Sugar free, but not fun free!
0 carbohydrate, 0 sugar?
Knowing that alcoholic fermentation is the result of the degradation of sugar by the yeasts, which then turns into alcohol and CO2, there is indeed sugar in the manufacturing process. It gives our kombucha a kick, with 5% of alcohol!
However, because we have developed the right parameters, 100% of the sugar is converted into alcohol by our kombucha culture. This way, all the sugar, whether it comes from the infusion of millet (gluten-free cereal) or the fruits we use, is transformed into alcohol.
Why 130 calories per 473 ml can if there is no more sugar?
In food, carbohydrates (sugars), lipids (fat) and proteins provide calories for our body. However, alcohol is a molecule, which, when metabolized, gives calories to our body. This is why, even though there are no carbohydrates, lipids and proteins in our alcoholic kombucha, there are 130 calories per can.
Because the calories come only from the alcohol, our kombucha are low in calories compared to other alcoholic drinks that contain residual sugars and / or higher alcohol content.
Click to find us
Did you know that our hard kombucha can be declined in a multitude of cocktails? Because it's a carbohydrate-free drink, it's easier to control the level of sugar you want to put in your cocktail.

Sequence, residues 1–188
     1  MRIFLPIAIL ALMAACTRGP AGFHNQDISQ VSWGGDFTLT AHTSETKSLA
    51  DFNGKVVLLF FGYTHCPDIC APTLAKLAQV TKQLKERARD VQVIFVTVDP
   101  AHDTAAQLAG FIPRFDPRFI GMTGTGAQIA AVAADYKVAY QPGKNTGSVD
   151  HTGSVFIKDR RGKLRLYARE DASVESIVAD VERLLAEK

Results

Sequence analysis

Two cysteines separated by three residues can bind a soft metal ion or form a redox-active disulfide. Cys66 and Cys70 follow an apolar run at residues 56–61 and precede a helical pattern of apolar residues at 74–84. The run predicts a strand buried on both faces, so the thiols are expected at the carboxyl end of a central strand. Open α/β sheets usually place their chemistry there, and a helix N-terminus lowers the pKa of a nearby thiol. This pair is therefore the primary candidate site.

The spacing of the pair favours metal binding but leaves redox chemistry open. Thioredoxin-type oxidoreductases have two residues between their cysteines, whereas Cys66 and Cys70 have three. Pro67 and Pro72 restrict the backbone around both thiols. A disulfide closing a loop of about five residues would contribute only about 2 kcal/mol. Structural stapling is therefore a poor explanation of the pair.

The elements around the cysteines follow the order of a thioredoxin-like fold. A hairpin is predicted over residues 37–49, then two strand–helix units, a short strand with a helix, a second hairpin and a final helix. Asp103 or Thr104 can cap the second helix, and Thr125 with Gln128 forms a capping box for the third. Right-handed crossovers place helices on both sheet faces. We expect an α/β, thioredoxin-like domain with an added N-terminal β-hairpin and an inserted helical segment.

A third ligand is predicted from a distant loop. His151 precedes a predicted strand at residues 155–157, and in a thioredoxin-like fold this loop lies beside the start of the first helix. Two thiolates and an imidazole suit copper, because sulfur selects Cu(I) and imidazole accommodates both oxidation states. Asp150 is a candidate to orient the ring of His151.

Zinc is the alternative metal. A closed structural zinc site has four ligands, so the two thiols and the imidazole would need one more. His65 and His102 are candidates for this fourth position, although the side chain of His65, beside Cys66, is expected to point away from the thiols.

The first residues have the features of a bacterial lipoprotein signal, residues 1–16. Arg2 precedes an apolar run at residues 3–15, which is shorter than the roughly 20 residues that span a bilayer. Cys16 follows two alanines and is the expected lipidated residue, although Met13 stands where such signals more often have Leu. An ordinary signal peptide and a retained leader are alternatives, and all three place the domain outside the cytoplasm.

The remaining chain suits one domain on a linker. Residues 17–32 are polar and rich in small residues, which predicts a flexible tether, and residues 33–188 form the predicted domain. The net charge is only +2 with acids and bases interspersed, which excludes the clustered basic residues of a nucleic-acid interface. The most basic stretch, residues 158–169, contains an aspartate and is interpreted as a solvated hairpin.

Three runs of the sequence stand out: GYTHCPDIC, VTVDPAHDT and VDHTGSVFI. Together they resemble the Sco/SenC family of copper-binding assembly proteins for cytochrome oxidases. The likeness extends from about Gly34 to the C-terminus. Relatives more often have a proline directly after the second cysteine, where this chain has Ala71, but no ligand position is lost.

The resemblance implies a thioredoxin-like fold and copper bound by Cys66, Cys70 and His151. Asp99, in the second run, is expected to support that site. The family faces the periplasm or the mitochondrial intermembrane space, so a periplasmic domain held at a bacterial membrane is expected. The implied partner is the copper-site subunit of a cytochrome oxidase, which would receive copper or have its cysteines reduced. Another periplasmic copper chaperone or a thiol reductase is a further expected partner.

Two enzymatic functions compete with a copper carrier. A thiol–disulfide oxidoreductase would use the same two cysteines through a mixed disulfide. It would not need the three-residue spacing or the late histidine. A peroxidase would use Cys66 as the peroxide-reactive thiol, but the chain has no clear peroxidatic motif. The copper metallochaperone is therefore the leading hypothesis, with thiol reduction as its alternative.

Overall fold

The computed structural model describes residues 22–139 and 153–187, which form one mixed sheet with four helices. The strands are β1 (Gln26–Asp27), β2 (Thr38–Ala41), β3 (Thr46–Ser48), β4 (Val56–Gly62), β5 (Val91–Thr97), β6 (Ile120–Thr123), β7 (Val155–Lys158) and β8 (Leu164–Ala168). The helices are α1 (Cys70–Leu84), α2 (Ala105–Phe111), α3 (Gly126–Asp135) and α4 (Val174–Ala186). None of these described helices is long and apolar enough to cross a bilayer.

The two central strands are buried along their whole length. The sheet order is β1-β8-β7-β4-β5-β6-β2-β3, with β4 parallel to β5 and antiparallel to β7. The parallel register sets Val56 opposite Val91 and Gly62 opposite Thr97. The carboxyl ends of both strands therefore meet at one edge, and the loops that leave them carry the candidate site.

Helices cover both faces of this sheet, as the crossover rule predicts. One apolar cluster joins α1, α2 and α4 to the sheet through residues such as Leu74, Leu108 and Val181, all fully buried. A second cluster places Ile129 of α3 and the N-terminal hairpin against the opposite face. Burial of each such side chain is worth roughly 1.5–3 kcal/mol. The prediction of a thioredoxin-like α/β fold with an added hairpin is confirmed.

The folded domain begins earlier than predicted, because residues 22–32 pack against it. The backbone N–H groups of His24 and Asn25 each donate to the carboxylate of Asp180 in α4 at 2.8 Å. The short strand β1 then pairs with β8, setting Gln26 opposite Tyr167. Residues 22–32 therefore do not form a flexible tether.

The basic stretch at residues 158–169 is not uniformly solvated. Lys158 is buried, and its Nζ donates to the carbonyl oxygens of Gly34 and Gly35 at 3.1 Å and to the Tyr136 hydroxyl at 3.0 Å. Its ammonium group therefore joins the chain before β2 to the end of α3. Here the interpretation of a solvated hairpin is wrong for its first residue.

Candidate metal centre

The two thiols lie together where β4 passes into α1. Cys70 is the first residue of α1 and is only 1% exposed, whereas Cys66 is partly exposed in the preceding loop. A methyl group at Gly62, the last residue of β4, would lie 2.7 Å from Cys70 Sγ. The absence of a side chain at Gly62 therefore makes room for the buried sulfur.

To learn more about kombucha
Kombucha is the product of a double fermentation resulting from a symbiosis of yeasts and acetic and lactic bacteria, in a tea base. Indeed, the sugar is transformed into alcohol by the yeasts, then part of this alcohol is transformed into acetic acids by the bacteria. Like acetic acid, other organic molecules are produced during this fermentation, such as lactic and gluconic acids.
The presence of tea (green, black or white) provides its share of antioxidants and determines its unique taste, after fermentation. Although complex, this process goes back a thousand years: kombucha existed in Asia 2000 years ago.
From its concoction in the depths of the Urals or China, until its rediscovery in North America ten years ago, we offer a revisited recipe by pushing the natural alcoholic fermentation of kombucha up to 5% alcohol!